I spent yesterday driving the lanes south of Hereford in search of scouted red phone boxes. With the aid of an old O.S. map and a fairly recent satnav, I located the six boxes we’d had our eye on for the project. Mind you, I fell victim to that oldest rustic joke, the turned-around signpost at Lower Maescoed, which resulted in a scenic tour.
I began at Vowchurch, where the phone box leans like a friendly drunk, and exchanged hands for £1. The village has repainted it and gilded its crown. It’s lapped in affection. I climbed in, on a distinct slope, and wrote:
‘Only wires and spidery writing
this box, tip-tilted into the hedge and under
the church wall.
Yes, I bought it for a pound’
(which someone in the village told us they did).
I had to double back to find the phone box at Monnington Mile (don’t ask), but here it is, sheltering near the gates of medieval Monnington Court. In comparison with Vowchurch’s box, this one feels poor and derelict, and a little out of place in surroundings whose architecture harks back to the feudal. I hauled open the door and read the notice inside:
‘Our information shows that this phone box has had very little use over a significant period of time. 01/09/16’.
‘dead leaves hiss under the opening door.
from the box you see the apple orchard over
the road, baubled with mistletoe.
cobwebs in your hair.
a robin sweet in the cold.‘
Next came Abbey Dore, the day dark and cold by then. Another weary phone box, leaning a little and flaking magnificently. I had to tug the door open against the build-up of grass. I wrote:
‘half-forgotten down a green lane, green moss
on the slates behind it.
TELEPHONE it whispers, its lettering fading.
A pigeon coos.’
On down the muddy lanes to Ewyas Harold, and by the Dulas Brook, a phonebox. I really couldn’t get into this one, due to the mighty object it was housing. I wrote:
‘between bus stop and chip shop, cast
in Glasgow at the Saracen Foundry
this box is now broom cupboard,
holds the outdoor parasol for the shop.’
Apparently many of the K6 boxes were made in Scotland, either at the Saracen Foundry, or at the Lion Foundry in Kirkintilloch. The other noteworthy thing about the Ewyas Harold box is that it has been flooded: the Dulas Brook, so quiet the day I visited, can turn monstrous.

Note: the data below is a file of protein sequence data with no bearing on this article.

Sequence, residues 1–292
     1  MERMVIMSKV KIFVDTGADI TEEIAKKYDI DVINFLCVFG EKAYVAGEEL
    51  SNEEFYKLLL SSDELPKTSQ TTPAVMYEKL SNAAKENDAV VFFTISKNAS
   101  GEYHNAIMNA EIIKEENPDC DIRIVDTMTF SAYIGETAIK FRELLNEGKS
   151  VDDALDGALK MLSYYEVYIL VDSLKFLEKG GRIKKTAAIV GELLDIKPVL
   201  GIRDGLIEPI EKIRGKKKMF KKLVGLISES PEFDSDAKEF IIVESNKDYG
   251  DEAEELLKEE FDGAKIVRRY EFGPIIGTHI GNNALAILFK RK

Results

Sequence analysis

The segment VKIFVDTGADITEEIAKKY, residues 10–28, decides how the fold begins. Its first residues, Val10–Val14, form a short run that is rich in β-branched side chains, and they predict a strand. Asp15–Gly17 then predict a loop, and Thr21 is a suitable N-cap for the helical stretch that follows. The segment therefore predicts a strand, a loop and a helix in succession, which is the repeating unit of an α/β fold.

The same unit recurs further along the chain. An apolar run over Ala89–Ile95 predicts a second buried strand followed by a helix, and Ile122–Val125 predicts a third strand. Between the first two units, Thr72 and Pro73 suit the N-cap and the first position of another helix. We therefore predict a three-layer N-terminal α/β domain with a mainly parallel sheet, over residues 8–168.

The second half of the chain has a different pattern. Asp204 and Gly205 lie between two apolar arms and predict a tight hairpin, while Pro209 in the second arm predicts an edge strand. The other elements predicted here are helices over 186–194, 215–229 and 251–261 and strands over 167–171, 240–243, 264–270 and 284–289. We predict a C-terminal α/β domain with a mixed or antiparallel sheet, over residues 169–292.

I pressed on up the lanes, following the Dulas Brook up into the hills and was duly conned by the turned-about signpost. I toured the lanes for some time as a result before finding the box at Lower Maescoed. It stands on a wonderful open site. The phone receiver has been vandalised, and fragments of splintered plastic litter its glorious moss carpet. I stood on it and wrote:
‘grasses blowing and a sense of space
you step out into air, bare trees
and triangles of common land
all the narrow lines among the farms’
The rain started. I ate my sandwiches, then set off winding through late afternoon traffic to reach Holme Lacy, just south east of Hereford. Here is our anomaly, a K6 box but painted blue. I opened the door and stood inside (distinctly cold) and wrote:
‘right by the road, outside a half-timbered
village hall. Swept clean inside.
A blackbird loops over a garden hedge. A cottage
has washing outside.
You wait while it rings. Watch a garage with doors ajar.
The pips and you feed in your change.’
Later, via Facebook, helpful residents of Holme Lacy explained their handsome blue box to me: it is about to be fitted with a defibrillator, and they wish it to be distinctive. My thanks to everyone who’s been in touch about #LastCall!